“Confirmed Judges, Confirmed Fears” is a blog series documenting the harmful impact of President Trump’s judges on Americans’ rights and liberties. Cases in the series can be found by issue and by judge at this link.
Trump Justices Neil Gorsuch and Brett Kavanaugh, along with Justices Thomas and Alito, tried to grant a stay sought by state Republicans of a Pennsylvania Supreme Court order in September that allows absentee ballots received by the Friday after Election Day to be counted as long as they were sent by Election Day. The stay would effectively have reversed the order and shortened the deadlines for such ballots. Chief Justice Roberts and the three moderates on the Court declined to grant such a stay, however, so the Court denied the application in a 4-4 order on October 19, 2020 in Republican Party of Pa. v. Boockvar.
In response to litigation raising concerns that the combination of the COVID-19 pandemic and “delays in mail delivery” would likely cause many Pennsylvania mail-in ballots to be received after the 8pm Election Day deadline, resulting in rejection of ballots mailed on or before Election Day and “extensive voter disenfranchisement,” the Pennsylvania Supreme Court issued an opinion and order in September that granted an extension of the time that mail-in ballots must be received to be counted. Based on delays experienced during the June primary and other evidence, the court ruled that ballots postmarked by Election Day but received up to three days thereafter, on Friday November 6, should be counted. The Republican Party of Pennsylvania sought a stay of the order from the US Supreme Court to try to disqualify such ballots, which are expected to be cast more by Democrat voters than Republicans.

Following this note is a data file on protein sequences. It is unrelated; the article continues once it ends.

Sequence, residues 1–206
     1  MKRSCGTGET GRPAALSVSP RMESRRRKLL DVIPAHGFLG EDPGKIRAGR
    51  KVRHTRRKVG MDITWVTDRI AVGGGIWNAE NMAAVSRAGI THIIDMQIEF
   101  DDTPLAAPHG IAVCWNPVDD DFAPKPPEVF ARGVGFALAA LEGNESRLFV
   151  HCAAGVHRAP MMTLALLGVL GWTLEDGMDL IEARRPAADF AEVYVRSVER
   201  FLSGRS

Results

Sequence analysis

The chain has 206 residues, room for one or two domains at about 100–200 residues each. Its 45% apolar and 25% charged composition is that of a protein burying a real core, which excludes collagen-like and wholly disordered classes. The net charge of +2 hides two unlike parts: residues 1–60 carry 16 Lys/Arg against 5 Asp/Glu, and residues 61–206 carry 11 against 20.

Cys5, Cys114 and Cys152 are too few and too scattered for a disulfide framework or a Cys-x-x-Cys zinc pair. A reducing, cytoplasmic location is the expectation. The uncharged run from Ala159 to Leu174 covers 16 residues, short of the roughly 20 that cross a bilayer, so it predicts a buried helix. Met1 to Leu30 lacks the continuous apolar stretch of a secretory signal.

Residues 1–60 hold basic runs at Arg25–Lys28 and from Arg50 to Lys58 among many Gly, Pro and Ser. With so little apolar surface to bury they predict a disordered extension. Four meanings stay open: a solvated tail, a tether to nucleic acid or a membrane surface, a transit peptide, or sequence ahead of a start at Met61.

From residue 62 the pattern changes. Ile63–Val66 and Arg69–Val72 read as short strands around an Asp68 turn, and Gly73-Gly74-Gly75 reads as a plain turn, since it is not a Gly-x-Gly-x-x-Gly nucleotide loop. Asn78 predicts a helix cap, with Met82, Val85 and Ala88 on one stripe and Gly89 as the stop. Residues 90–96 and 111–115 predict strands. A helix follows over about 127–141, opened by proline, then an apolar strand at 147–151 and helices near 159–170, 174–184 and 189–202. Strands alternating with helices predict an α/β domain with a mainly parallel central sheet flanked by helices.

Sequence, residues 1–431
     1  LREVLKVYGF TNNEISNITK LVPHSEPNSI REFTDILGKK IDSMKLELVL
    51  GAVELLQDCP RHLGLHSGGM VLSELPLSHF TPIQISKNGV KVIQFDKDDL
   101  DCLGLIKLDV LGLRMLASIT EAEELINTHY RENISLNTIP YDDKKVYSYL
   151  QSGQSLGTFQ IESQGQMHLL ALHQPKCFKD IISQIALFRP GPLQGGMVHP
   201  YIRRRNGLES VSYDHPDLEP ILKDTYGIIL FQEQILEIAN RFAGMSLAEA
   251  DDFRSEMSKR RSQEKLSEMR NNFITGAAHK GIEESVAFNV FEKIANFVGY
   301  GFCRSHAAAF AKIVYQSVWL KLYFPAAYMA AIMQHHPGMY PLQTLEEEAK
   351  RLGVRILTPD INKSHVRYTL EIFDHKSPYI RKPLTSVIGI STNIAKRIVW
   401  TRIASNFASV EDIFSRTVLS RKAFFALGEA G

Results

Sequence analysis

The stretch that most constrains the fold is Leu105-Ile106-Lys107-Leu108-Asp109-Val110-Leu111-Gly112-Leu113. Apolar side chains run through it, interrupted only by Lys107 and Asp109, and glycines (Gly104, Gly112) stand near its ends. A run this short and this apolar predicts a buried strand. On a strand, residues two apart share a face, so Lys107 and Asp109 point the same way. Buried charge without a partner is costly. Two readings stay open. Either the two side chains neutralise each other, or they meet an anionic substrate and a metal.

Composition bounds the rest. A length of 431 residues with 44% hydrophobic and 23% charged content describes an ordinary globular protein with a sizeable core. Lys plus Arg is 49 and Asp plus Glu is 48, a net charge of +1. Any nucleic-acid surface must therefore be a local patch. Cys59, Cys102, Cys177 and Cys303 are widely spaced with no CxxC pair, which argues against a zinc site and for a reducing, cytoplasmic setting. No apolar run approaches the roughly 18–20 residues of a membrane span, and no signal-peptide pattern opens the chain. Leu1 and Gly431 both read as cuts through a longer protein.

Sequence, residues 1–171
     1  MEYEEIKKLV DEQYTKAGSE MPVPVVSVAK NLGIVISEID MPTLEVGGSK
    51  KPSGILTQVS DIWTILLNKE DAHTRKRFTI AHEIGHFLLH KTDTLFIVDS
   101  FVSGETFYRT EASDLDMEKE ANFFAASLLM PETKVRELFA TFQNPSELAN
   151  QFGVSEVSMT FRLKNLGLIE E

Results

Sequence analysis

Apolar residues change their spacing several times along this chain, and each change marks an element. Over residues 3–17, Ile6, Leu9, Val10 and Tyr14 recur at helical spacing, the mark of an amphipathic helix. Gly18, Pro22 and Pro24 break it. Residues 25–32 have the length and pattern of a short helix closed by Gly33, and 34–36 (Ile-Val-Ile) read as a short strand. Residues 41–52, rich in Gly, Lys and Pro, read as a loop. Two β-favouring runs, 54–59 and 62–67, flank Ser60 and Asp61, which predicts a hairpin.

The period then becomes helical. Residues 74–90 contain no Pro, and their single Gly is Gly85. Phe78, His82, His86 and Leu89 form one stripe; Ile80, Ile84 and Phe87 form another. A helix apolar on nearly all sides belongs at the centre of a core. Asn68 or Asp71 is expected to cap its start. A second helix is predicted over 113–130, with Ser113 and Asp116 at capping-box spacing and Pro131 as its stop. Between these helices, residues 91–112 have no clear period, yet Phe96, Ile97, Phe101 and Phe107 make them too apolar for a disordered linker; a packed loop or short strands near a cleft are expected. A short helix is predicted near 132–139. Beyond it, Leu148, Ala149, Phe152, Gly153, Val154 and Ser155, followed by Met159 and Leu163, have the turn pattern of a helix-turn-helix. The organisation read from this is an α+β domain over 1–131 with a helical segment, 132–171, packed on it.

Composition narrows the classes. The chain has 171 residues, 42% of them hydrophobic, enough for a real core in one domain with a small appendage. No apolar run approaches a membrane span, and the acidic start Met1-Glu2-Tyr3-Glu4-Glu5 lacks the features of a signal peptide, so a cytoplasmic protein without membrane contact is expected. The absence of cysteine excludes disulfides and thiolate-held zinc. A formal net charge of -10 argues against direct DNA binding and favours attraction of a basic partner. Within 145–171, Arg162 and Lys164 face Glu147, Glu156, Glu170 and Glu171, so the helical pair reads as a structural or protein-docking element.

In an order issued without opinion, the Supreme Court denied the stay on October 19. Justices Gorsuch, Kavanaugh, Alito, and Thomas, however, stated that they “would grant” the stay. If they had one more vote in their favor, the result would have been to reverse the Pennsylvania order. As the state attorney general explained, the order is crucial in order to prevent “disenfranchise[ment]” of thousands of Pennsylvania voters and help ensure that “Pennsylvanians would not be forced to choose between exercising their right to vote and protecting their health.”
The Pennsylvania situation is likely not the last such dispute that the Court will be asked to resolve before or after Election Day. As this 4-4 order illustrates, how any such issues are resolved may well depend on whether Judge Amy Coney Barrett is confirmed to the Court before then and whether she recuses herself from any such litigation. Conservative former judge Michael Luttig has explained she should so recuse herself, although she has declined to state whether she would do so. As election law expert Rick Hasen noted after the Court’s order, “If you thought the stakes of a Barrett confirmation couldn’t get any higher, they just did.”